ORAM BOARD INTERVIEWS: Enrique Torre Molina
1. How did you begin your involvement with the LGBTIQ community?
I was 19, studying International Relations in college and came out as gay. Almost right after that I joined my school’s LGBT student association, where we organized workshops, film screenings, had a radio show, and all kinds of nerdy but very fun activities. I also started writing an LGBT column in the school newspaper. I’m 36 now, and since then I’ve become more and more involved with LGBT issues.
2. What motivated you to become a board member at ORAM?
I have learned about ORAM over the past couple of years and have been inspired by the very important work that the organization is doing in different regions. That, along with opportunities to meet LGBTQ+ asylum seekers and refugees and hear their stories first-hand about coming to Canada, the U.S., Mexico, and Argentina, motivated me to become a board member.
3. What are you most looking forward to from being on ORAM’s Board of Directors?
The chance to contribute to ORAM’s mission, in general, is very exciting. I have already started to work on using my networks and whatever influence I may have on others to bring in donations to ORAM. I look forward to doing more of that, reaching more people who might want to support ORAM and helping the organization become stronger and impact more LGBTQ+ lives.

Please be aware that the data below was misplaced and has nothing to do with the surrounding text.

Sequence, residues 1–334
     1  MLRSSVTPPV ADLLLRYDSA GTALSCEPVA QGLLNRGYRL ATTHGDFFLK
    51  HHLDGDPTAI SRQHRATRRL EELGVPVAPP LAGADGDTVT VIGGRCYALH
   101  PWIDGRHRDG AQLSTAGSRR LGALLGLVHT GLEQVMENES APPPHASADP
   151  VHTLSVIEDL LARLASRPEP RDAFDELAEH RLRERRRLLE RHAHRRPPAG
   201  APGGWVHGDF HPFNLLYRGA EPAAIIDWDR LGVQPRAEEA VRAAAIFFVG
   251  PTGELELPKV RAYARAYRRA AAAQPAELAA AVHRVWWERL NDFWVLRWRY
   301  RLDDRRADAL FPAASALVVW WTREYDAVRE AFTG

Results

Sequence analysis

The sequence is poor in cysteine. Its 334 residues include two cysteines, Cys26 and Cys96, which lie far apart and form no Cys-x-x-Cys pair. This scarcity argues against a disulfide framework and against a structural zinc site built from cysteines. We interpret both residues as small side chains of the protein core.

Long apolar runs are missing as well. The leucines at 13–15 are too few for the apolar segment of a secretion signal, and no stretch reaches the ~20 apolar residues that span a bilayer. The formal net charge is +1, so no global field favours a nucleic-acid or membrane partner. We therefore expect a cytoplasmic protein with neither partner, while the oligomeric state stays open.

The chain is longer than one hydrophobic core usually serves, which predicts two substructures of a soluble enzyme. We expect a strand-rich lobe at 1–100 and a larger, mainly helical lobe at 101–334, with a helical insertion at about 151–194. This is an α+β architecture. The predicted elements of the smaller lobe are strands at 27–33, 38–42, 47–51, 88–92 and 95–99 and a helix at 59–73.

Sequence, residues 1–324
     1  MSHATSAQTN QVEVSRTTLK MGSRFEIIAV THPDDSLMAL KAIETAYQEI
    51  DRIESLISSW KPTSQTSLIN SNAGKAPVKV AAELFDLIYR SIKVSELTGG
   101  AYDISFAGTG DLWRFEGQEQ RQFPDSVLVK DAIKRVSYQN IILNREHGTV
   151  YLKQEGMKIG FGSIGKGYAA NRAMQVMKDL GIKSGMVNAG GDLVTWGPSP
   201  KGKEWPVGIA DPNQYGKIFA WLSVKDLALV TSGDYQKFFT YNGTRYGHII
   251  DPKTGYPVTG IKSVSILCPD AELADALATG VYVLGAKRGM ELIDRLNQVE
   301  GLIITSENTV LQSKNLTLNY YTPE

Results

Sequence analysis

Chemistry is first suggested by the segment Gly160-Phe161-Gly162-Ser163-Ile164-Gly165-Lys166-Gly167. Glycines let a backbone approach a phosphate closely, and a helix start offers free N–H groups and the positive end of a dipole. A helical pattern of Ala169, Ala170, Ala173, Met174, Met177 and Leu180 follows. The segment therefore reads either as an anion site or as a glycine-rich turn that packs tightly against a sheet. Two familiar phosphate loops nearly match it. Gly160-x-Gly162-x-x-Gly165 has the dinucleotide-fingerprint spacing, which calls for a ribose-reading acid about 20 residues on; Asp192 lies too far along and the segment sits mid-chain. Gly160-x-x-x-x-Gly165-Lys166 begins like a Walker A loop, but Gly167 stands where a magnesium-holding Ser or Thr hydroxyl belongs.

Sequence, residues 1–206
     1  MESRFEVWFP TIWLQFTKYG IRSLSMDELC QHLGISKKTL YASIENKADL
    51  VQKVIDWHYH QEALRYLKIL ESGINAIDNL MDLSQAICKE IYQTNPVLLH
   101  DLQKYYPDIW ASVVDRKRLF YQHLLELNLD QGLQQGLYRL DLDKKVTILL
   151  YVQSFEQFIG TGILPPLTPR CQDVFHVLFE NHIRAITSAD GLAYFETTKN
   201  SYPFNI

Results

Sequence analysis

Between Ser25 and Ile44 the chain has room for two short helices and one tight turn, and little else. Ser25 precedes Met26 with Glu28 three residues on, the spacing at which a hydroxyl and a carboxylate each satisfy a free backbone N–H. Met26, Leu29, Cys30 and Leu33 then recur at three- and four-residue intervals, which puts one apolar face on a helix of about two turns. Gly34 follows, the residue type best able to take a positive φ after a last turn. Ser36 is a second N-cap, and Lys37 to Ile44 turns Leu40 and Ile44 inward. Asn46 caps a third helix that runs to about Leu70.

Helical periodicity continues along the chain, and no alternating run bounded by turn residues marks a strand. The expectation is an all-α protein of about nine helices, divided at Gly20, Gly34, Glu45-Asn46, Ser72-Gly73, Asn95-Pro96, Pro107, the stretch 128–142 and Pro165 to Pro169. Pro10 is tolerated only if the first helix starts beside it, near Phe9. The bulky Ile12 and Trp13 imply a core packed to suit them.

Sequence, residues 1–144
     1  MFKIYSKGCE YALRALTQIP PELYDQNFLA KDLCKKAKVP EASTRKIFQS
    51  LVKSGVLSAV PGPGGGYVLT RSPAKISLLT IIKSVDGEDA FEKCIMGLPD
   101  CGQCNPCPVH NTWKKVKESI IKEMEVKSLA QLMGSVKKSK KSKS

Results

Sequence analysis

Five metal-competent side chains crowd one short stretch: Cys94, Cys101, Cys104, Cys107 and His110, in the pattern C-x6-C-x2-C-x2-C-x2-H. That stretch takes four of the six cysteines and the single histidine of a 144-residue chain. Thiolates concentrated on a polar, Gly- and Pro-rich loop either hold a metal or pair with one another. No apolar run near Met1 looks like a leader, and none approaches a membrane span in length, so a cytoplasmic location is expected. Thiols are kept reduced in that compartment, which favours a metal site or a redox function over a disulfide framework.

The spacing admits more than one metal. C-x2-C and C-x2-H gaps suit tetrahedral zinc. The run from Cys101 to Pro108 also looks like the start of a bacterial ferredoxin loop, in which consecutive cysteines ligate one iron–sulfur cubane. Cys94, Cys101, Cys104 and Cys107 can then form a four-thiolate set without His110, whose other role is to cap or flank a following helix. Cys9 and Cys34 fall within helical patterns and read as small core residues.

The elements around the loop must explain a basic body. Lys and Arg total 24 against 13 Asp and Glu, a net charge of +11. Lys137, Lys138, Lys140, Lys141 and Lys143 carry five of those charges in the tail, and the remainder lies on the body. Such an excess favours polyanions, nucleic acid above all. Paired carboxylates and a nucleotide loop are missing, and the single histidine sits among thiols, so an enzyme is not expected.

4. What part of ORAM’s work do you feel most connected to?
I have to say I genuinely feel connected to its mission overall. A lot of my work in the LGBTQ+ community during the past 15 years has been international, and that has made me see that we truly are a global movement and we share many challenges. I know the hatred and discrimination we face are similar, no matter the country. I know the joy we experience when we win more rights is very similar. What I’ve experienced at Pride marches in different cities is almost the same. I obviously feel a special connection to ORAM’s work in Mexico and want to see that programmatic work expand and become more solid.
5. What are some of your hopes for ORAM’s future?
A part of me hopes that the work of ORAM becomes obsolete at some point, but I don’t see that happening soon. So, I hope for ORAM to get stronger, to help many more people in the countries where it’s most needed, to be an organization that learns to adapt to new contexts, and to inspire both the LGBTQ+ community and our allies to support our work.